As the pandemic continues to rage on this year, more and more people have been homeschooling their children due to school closures. Some parents have been doing this expertly for years, while others have been thrown by the responsibility of teaching their offspring. So, while we don’t know how much longer this will go on for, the school holidays are an excellent opportunity to brush up on homeschooling tips for the next year!
- Set up a classroom
Creating a workspace at home – no matter the size of your home – is a great way to help the process of homeschooling. This ‘zoning’ technique helps you allocate an area for ‘work’ that is separate from the areas for ‘play. You can buy school & university furniture from the internet and transform a whole room, or just a corner of a kitchen or living room, so your child knows where they will be going to ‘school’ every day.
- Stick to a schedule
Structuring the day is invaluable when homeschooling. It can be useful to keep the routine as close as you can to your child’s school schedule (if they had one) to help them settle into their new school setting. A routine can help both you and your child to have focus and direction in the day. Try writing it out on a whiteboard so that it’s visible to your child, ensuring that there are no arguments about ‘what happens next’.
- Quality, not quantity
It is – of course – crucial that your child is learning while they’re being homeschooled. However, now is not the time to panic that they’re not getting through worksheets quick enough, or you’re not spending 10 hours a week improving their math skills, for example. Particularly with younger children, the important thing is that they’re excited about learning and staying calm. If possible, keep up a line of communication between you and your teacher, so you can check-in and make sure your child is learning what they need.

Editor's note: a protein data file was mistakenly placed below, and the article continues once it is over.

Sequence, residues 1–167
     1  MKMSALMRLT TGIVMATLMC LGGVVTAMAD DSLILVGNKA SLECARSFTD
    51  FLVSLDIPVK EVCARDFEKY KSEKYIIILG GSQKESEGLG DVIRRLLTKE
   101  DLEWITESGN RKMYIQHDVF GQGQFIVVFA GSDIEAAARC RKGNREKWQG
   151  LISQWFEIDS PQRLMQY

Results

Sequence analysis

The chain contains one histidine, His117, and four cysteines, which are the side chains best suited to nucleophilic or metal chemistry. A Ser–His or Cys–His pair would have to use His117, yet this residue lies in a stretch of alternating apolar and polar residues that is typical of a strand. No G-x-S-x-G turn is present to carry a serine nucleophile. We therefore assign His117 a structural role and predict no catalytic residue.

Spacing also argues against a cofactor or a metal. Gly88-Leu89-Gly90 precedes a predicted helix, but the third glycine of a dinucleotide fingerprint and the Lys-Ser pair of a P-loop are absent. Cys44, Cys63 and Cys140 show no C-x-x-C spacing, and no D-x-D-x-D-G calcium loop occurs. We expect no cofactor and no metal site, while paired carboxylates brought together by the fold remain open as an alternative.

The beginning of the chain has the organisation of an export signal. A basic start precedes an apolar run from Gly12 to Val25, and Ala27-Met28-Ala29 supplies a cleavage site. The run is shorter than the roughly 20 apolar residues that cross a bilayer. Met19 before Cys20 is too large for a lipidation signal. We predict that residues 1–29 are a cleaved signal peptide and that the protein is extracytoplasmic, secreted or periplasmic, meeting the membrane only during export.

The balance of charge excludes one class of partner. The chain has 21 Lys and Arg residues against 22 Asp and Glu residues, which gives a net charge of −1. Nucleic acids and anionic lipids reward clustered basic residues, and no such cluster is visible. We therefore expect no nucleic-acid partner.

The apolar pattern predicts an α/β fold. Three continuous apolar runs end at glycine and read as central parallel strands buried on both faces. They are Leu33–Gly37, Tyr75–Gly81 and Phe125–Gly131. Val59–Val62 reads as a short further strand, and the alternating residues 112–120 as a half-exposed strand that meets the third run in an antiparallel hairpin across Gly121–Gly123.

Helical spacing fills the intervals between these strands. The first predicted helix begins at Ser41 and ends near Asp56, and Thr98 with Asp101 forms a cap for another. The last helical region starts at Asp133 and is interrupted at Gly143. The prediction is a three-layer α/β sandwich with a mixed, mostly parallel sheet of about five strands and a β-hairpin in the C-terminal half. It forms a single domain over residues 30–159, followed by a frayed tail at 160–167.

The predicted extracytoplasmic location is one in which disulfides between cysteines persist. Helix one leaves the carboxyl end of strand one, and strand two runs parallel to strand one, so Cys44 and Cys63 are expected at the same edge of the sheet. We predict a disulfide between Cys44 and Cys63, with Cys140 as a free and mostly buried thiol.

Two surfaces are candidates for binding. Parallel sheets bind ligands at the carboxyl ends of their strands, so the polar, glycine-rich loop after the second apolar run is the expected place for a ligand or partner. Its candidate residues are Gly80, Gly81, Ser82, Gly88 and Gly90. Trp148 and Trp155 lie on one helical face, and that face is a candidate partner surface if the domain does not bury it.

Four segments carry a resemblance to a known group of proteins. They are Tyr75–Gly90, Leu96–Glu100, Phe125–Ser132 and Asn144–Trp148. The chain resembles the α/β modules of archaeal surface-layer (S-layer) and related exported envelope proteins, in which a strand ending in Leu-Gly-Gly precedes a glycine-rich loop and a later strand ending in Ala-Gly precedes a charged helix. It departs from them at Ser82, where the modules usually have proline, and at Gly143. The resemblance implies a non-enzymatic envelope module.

- Get moving
You’ll never get the best out of a child if they’ve been sat in a chair for five hours. So, as important as movement is for physical health, it’s also crucial for positive mental health! Make time in the schedule for regular wriggle breaks, and make sure not to miss out on regular physical education lessons! Picking up skipping ropes and balls will come in handy.
- Limit screen time
Kids will indeed be spending more time online – working virtually with classmates, taking courses, or generally completing their work. However, it’s important not to let screen-time run away with you. By setting rules about how much time your child will spend on a device each day, you can hopefully avoid arguments later down the line.
Hopefully, you will find these tips and tricks helpful while you homeschool your child. Remember: children are resilient, and keeping them calm and happy is one of the most important things you can do right now.